Date of Graduation
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School of Nursing and Health Professions
Medication administration errors were reported to have an error rate of 60% in early research mainly in the form of the wrong dose, time, or rate. Working conditions were found to be one of the main contributors to these errors. Recognizing and reporting medication errors are key to the implementation of the reduction of this critical health problem (Hughes & Blegen, 2008). DataRay Inc. (n.d.), states that almost one in five medication doses administered in hospitals is given in error. The two most common errors were (1) dispensing medicine at the wrong time (43% of incidents) and (2) omitting a dose (30%). The goal is to increase the nurses’ awareness of the different processes of medication administration and how error-prone these are.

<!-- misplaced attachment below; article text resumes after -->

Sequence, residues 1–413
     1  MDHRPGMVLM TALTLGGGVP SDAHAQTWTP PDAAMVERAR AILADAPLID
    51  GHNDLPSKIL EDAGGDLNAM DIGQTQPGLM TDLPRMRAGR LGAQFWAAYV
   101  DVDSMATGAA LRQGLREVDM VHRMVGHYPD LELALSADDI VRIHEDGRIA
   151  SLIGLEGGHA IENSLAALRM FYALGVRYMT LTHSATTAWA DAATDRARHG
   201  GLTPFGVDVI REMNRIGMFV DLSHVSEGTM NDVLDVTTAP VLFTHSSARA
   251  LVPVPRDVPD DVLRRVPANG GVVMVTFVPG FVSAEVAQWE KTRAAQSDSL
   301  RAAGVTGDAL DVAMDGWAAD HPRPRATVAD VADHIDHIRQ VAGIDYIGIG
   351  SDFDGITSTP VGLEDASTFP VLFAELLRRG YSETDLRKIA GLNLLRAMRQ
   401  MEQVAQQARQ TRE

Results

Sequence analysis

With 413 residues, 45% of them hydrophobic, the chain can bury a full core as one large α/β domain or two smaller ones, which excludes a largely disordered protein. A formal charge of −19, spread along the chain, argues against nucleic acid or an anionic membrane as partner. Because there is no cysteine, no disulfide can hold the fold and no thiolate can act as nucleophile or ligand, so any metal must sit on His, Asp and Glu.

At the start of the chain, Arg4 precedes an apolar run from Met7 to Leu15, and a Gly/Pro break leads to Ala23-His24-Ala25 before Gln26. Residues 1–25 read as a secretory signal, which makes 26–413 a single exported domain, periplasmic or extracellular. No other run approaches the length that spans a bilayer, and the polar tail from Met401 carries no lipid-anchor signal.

The medication observation will take place during the hours of 0700-1000, and the nurses will use orange vests with “MEDICATION PASS IN PROGRESS; PLEASE DO NOT DISTURB” during the medication administration process for reduction and prevention of interruption. The nurses will be observed for correct use of the electronic health record system (EHR) during the transcription process throughout the day shift (0730-1530).
The result of the project is to prevent the occurrences of medication administration errors by paying close attention to the processes involving patients. The goal is also to improve the use of strategies to avoid medication errors, the method of detection and audits, and increase the use of information technology available to the nurses.
van Ewijk, Brigitta, "Medication Error Prevention: Improving Patient Health Outcome" (2018). Master's Theses. 1112.